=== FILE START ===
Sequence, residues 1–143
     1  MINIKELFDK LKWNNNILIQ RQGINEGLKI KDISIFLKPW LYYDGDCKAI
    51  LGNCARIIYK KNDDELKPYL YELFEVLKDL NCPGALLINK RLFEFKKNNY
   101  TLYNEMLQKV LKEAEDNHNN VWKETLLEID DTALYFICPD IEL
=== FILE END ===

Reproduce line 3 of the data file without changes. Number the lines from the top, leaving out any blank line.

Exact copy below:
    51  LGNCARIIYK KNDDELKPYL YELFEVLKDL NCPGALLINK RLFEFKKNNY